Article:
A company’s success often reflects its investment in R&D, and safeguarding ideas is therefore of prime importance.
However, a recent report reveals that a number of companies have no Intellectual Property (IP) protection plan at all, and those that have are not policing it properly.
Only once all IP assets have been identified and valued can a company fully assess whether its registration, protection and policing policies are adequate.
UK companies may possess trade marks, registered and unregistered designs, patents, copyright, know-how and confidential information and only some require formal registration, but in relation to all rights, revenue can be lost following unauthorised use.
A patent can provide a monopoly on an idea for up to 20 years, but it is essential that all information is kept confidential until publication. New developments sometimes overtake patents so regular reviews are needed to judge whether protection is really appropriate.
Even if a patent is unsuitable the data involved in developing an idea can still be protected. Obligations of confidence should be imposed on both employees (during and after employment) and third parties.
Alternatively, design registration, lasting 25 years, can be obtained for industrially manufactured articles which are original and have visual appeal. Even purely functional designs such as machine tools may be protected. A review of a company’s product portfolio can establish which products are suitable for registration, and which satisfy the requirements for unregistered design right protection.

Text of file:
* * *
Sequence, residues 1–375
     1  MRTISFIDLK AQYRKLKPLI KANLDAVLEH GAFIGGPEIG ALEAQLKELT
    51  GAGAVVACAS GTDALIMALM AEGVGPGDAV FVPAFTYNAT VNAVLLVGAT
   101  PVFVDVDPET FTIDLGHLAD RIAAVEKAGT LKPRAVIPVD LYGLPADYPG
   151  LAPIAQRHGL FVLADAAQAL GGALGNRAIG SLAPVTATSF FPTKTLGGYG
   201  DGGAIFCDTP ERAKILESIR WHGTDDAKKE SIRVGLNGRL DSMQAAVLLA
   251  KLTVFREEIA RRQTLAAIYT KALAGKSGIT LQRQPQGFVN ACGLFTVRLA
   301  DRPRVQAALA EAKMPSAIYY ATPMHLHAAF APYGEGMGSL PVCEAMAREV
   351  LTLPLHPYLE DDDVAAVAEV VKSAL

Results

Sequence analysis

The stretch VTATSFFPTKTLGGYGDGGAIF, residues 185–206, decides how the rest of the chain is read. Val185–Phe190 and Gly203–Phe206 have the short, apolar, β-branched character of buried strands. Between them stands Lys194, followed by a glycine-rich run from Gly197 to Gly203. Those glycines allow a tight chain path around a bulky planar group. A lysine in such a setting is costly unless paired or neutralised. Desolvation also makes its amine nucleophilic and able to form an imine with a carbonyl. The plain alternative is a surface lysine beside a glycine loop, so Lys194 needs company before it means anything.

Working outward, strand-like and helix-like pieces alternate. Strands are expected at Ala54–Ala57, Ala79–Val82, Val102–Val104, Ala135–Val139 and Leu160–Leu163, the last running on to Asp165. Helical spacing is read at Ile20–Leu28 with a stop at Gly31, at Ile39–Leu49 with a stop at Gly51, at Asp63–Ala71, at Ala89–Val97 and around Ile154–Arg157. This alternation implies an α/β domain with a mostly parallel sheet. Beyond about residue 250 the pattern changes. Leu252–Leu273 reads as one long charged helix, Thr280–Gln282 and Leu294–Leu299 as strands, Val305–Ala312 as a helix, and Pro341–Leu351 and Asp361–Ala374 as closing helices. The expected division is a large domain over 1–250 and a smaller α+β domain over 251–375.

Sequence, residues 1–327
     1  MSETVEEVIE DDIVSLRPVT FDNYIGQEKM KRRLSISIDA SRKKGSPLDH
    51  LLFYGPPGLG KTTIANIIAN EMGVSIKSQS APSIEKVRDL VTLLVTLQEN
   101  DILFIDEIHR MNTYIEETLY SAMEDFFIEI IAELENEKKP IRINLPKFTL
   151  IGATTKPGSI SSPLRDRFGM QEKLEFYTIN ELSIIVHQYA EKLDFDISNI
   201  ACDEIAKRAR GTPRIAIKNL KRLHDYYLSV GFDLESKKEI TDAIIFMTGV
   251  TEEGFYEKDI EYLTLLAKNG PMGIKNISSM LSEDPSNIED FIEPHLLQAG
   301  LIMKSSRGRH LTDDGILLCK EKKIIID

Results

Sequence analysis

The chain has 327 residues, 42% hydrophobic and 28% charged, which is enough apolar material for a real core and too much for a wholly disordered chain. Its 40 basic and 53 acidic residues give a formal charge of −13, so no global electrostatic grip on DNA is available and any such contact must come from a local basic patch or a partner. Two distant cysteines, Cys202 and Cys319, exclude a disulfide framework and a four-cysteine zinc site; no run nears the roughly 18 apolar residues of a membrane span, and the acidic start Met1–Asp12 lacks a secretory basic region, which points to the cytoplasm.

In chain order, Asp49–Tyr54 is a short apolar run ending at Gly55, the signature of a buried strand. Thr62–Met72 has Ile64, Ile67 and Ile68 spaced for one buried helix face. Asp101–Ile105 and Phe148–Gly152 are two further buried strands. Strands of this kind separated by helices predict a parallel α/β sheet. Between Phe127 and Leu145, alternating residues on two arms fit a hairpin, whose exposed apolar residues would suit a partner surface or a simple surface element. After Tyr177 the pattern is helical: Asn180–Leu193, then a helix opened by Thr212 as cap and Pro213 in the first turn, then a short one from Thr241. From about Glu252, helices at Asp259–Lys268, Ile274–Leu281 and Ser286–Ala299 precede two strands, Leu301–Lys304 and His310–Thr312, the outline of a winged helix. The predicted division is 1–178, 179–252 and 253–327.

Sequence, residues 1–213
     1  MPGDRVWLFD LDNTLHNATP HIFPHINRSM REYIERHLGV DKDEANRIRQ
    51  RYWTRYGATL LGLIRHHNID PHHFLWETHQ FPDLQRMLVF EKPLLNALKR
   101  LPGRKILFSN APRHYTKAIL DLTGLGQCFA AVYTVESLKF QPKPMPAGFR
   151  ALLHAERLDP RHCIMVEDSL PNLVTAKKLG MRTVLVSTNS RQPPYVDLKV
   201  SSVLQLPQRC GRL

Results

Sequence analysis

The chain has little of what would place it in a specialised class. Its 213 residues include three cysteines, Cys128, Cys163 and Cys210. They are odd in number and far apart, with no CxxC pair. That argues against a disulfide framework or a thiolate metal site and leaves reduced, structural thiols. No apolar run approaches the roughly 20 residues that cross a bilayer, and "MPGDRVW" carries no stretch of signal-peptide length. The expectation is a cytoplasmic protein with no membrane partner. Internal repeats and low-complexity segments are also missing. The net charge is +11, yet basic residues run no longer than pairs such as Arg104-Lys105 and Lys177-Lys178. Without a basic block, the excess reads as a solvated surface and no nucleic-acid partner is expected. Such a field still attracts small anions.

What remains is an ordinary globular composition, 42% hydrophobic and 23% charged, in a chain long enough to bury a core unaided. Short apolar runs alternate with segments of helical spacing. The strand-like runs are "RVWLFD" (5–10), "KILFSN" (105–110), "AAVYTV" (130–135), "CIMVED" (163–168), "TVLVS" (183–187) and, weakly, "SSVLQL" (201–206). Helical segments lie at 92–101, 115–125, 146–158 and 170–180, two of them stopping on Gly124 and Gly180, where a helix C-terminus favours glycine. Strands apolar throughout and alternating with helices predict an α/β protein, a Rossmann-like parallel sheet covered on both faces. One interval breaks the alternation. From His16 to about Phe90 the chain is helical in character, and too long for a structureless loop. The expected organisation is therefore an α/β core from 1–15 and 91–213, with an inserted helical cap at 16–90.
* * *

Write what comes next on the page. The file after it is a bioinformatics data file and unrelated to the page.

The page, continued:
Copyright arises automatically when original works are created and embodied in a permanent form. All copyright material created by employees is owned by the company, although, without prior agreement, ownership of promotional literature produced by third parties is not guaranteed.
Trade Mark registration is a relatively inexpensive method of protecting company names, brand names, logos, packaging, etc.
Although a company can still protect unregistered marks, trade mark registration is a more powerful weapon. Not only does it enable rapid enforcement of IP rights, it also enables Trading Standards Authorities to take criminal proceedings against potential infringers.
A comprehensive review of a company’s technology assists in establishing what steps can be taken to improve protection. This also enables the company to assess the value of each asset, and undertake a cost/benefit analysis in relation to expense involved in the registration of patents, designs and trade marks.
IP is no longer simply used to maintain a company’s market position, but also as an asset in its own right that can be bought and sold or used to raise finance.
The Inland Revenue is currently considering the reform of the taxation of IP and has published proposals that will involve companies changing accounting practices.
As a result, many companies are marrying banking and financial issues with IP issues, and reviewing their IP portfolios to ensure the full exploitation of what is likely to be a valuable asset.
Identifying under-utilised technology and IP assets is a key feature of any IP audit. Patents, registered designs and trade marks all have potential for licensing or even assigning to third parties to increase revenue through royalties and increased market exposure.